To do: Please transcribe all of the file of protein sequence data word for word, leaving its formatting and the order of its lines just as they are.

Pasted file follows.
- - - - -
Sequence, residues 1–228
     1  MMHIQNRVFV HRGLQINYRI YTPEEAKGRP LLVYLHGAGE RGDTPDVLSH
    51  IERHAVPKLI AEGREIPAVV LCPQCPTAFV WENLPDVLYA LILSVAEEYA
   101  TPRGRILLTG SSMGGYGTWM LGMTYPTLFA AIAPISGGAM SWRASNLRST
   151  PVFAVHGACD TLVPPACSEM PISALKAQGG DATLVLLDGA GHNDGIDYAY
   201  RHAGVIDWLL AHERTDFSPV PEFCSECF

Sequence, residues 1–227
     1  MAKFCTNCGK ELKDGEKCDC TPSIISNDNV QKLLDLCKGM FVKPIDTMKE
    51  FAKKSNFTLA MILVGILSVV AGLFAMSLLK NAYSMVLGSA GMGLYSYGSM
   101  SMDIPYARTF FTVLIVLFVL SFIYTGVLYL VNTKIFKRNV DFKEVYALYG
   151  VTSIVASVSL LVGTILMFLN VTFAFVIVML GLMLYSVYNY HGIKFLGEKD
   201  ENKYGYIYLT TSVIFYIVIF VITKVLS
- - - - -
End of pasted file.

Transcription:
Sequence, residues 1–228
     1  MMHIQNRVFV HRGLQINYRI YTPEEAKGRP LLVYLHGAGE RGDTPDVLSH
    51  IERHAVPKLI AEGREIPAVV LCPQCPTAFV WENLPDVLYA LILSVAEEYA
   101  TPRGRILLTG SSMGGYGTWM LGMTYPTLFA AIAPISGGAM SWRASNLRST
   151  PVFAVHGACD TLVPPACSEM PISALKAQGG DATLVLLDGA GHNDGIDYAY
   201  RHAGVIDWLL AHERTDFSPV PEFCSECF

Sequence, residues 1–227
     1  MAKFCTNCGK ELKDGEKCDC TPSIISNDNV QKLLDLCKGM FVKPIDTMKE
    51  FAKKSNFTLA MILVGILSVV AGLFAMSLLK NAYSMVLGSA GMGLYSYGSM
   101  SMDIPYARTF FTVLIVLFVL SFIYTGVLYL VNTKIFKRNV DFKEVYALYG
   151  VTSIVASVSL LVGTILMFLN VTFAFVIVML GLMLYSVYNY HGIKFLGEKD
   201  ENKYGYIYLT TSVIFYIVIF VITKVLS